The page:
The IAEA, the U.N. nuclear watchdog, revealed that Iran has installed hundreds of centrifuges -- used to enrich uranium -- in an underground enrichment plant and hopes to have thousands more ready by May.
On Dec. 23, the U.N. Security Council gave Tehran an ultimatum to freeze its enrichment program within 60 days, but the Iranians continued to dismiss the order.
"Iran considers the (IAEA demand for) suspension as against its rights, the Nuclear Non-proliferation Treaty and international regulations," said Mohammed Saeedi, the deputy head of Iran's Atomic Energy Organization, to the official Islamic Republic News Agency.
Iran maintains that it is only seeking to develop nuclear-powered electricity, not nuclear weapons, but its refusal to allow the United Nations to monitor any enrichment activity makes officials wary.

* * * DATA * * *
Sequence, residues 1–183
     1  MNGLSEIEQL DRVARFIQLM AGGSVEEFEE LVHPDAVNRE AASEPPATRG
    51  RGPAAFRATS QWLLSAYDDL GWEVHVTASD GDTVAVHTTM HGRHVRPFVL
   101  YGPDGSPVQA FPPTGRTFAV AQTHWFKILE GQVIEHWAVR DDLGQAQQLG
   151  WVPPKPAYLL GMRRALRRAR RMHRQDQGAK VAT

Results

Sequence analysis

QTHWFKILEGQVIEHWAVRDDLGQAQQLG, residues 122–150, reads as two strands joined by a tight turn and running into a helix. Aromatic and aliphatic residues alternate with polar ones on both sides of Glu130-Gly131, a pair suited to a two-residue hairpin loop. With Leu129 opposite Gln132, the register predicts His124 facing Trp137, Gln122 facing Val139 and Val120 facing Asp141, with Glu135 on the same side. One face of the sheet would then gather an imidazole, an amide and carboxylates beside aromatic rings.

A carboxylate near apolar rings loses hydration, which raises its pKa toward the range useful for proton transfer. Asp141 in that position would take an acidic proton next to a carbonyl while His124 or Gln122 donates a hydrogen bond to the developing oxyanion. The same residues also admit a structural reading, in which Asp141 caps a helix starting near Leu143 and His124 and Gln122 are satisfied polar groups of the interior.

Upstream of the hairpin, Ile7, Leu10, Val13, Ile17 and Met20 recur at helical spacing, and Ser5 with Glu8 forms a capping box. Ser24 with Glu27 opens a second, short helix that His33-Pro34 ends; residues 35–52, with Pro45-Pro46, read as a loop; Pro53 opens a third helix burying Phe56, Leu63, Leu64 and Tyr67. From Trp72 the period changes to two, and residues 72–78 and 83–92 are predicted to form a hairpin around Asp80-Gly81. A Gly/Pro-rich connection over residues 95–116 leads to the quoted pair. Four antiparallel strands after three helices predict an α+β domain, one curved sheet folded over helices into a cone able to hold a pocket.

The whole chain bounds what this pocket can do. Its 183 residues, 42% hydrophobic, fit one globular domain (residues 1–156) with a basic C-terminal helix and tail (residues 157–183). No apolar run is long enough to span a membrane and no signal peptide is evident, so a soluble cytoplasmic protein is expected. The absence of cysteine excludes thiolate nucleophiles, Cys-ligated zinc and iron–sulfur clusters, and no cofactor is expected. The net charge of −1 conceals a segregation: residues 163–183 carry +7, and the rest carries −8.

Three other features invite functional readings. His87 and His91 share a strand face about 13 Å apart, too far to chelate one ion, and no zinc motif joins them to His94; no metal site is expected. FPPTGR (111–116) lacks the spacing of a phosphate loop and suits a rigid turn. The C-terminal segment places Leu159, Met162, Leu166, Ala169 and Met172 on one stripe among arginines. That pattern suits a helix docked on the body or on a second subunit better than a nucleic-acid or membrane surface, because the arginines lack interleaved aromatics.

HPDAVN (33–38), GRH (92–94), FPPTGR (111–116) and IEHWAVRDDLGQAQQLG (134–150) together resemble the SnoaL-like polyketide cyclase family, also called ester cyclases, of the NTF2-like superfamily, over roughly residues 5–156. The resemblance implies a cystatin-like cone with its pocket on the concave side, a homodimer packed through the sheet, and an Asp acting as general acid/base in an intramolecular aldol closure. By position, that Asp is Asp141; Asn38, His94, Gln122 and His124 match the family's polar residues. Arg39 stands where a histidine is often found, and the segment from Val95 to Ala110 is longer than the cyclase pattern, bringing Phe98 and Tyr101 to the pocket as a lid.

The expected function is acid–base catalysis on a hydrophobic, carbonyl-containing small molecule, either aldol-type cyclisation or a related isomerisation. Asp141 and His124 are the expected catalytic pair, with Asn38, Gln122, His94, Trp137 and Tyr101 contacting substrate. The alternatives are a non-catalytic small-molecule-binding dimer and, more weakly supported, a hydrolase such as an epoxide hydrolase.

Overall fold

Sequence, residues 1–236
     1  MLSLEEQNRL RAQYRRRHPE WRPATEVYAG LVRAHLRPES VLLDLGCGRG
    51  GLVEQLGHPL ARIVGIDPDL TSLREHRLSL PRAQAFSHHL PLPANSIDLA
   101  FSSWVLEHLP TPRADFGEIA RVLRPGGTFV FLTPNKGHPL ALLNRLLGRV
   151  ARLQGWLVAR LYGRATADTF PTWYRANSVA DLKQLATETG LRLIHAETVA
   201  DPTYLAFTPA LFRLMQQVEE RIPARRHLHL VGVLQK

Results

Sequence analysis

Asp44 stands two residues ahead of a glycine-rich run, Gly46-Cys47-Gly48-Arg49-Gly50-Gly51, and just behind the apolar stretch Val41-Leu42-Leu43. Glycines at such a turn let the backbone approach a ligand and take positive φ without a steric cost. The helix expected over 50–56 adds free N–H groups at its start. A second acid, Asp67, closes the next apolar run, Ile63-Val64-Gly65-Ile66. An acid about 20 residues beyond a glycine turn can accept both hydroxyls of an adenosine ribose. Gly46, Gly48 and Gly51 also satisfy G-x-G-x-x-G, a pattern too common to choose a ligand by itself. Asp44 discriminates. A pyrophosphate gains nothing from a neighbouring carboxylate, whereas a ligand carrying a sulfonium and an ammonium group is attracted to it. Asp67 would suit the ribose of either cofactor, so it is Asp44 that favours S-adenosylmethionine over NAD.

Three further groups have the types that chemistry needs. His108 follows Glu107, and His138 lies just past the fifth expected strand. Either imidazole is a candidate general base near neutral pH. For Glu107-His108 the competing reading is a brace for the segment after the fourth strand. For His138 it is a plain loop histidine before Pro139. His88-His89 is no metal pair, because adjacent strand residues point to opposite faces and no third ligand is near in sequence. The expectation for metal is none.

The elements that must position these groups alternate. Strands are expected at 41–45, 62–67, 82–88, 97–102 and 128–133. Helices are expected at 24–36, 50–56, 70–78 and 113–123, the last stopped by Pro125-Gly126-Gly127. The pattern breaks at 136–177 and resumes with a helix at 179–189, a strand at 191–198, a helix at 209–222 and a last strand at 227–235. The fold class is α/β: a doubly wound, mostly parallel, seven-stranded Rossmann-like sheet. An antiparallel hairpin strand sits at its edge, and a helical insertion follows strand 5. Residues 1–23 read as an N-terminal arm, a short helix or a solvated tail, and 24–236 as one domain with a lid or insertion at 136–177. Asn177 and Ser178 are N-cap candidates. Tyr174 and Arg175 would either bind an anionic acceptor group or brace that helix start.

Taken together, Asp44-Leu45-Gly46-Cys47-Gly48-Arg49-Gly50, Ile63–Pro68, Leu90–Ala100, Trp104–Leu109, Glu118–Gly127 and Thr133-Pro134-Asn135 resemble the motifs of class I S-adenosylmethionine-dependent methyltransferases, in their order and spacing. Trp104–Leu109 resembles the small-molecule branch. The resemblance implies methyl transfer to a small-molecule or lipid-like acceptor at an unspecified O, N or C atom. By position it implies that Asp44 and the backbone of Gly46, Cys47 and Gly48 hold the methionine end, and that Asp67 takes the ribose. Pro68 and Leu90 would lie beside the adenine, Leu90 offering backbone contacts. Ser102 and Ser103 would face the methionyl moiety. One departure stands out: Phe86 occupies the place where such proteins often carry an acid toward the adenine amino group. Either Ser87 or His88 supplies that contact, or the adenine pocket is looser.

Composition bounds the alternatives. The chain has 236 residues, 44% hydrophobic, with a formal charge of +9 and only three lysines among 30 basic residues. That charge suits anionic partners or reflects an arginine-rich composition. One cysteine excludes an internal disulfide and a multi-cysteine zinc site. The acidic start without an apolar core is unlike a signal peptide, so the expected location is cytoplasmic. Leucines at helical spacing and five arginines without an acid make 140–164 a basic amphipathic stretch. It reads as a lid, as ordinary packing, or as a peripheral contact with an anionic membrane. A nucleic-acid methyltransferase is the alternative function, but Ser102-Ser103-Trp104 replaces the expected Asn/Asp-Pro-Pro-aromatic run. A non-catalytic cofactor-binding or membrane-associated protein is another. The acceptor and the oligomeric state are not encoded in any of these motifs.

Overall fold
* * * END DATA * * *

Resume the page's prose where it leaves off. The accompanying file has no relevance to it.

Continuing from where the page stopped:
"[I am] deeply concerned ... that the Iranian government did not meet the [Wednesday] deadline set by the Security Council," U.N. Secretary-General Ban Ki-moon told reporters in Vienna.
Iran faces possible increased sanctions from the U.N. Security Council, which could further isolate the country from the West.
The United Nations is expected to start developing a resolution next week to ratchet up pressure on the Iranians to suspend their program, a Security Council diplomat told the New York Times on Thursday.
U.S. Secretary of State Condoleezza Rice, traveling in Europe this week, convened a strategy meeting on Thursday with European Union and Russian officials to discuss action against Iran.
"We reconfirmed we will use available channels and the Security Council to try to achieve [negotiations]," she told reporters about the meeting. "The best course would be for Iran to suspend its enrichment and reprocessing activities so that we can return to negotiations."
But Iran maintains it will not accept immobilization of its nuclear program as a stipulation for negotiations.